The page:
A Change Congress supporter writes:
“I am a supporter of your Change Congress movement and have followed your work for a long time. I am also an Obama supporter. I am writing to urge you to share your thoughts with your blog readers about what an Obama administration might entail for the Change Congress movement, and whether you think Obama is committed to government reform….”
Great question. I think many of us are so used to disappointment, we’re looking for it, and so not even a week after that extraordinary night, many are beginning to wonder what “change” here will really mean?
But I think we need a certain kind of understanding, or patience here. Imagine, by analogy, a loved one has cancer. She decides to get chemo-therapy to deal with the cancer. But on the way to the hospital, imagine she gets hit with a bullet from a drive-by shooting. (Dark, ok, but you’ll see the meaning here in a second). Now an ambulance comes and races this gun-shot victim with cancer to the emergency room.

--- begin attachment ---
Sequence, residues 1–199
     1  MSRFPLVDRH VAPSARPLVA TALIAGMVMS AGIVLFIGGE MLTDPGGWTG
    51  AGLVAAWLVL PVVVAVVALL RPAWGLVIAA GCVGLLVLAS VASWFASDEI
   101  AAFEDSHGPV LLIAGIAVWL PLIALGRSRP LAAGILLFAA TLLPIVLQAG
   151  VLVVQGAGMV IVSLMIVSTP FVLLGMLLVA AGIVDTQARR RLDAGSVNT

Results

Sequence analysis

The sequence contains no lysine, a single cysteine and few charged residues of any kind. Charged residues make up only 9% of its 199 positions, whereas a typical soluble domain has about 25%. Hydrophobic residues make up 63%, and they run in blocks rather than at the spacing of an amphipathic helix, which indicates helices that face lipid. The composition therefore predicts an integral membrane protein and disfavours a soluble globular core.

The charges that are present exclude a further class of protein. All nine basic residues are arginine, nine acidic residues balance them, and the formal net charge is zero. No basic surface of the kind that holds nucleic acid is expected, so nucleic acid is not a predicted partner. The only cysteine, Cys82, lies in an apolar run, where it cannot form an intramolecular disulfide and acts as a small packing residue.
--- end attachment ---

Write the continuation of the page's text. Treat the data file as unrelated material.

This sad story is a picture of us just now. The “change Washington” rhetoric of this campaign is the analog to the cancer. The financial collapse is the analog of the shooting. And just as with the cancer patient, the collapse is an urgent, immediate problem that must be solved before the more fundamental, long term problem can be addressed.
This means we have to be a bit patient before the more fundamental issue gets addressed. Not that one shouldn’t be critical of decisions that will make it more difficult to cure the cancer. But that the lack of an immediate push on that problem is not inconsistent with the design to cure it.
I only hope they recognize that as with the gun-shot, cancer victim, there needs to be essentially two teams thinking about these two different kinds of problems. One focusing immediately on stabilizing the patient. The second on how the stable patient can be treated for the cancer. The skills of the former team are not necessarily the skills of the latter. And if Obama is to be the transformational president he can be, building a strategy around that transformation will be essential.
Update: A good sign: Podesta:
“I’ve heard the complaint [that] we’re leaving all this expertise on the side, because we’re leaving all the people who know everything out in the cold. And so be it. This is a commitment that the American public expects, and it’s one that we intend to enforce during the transition.”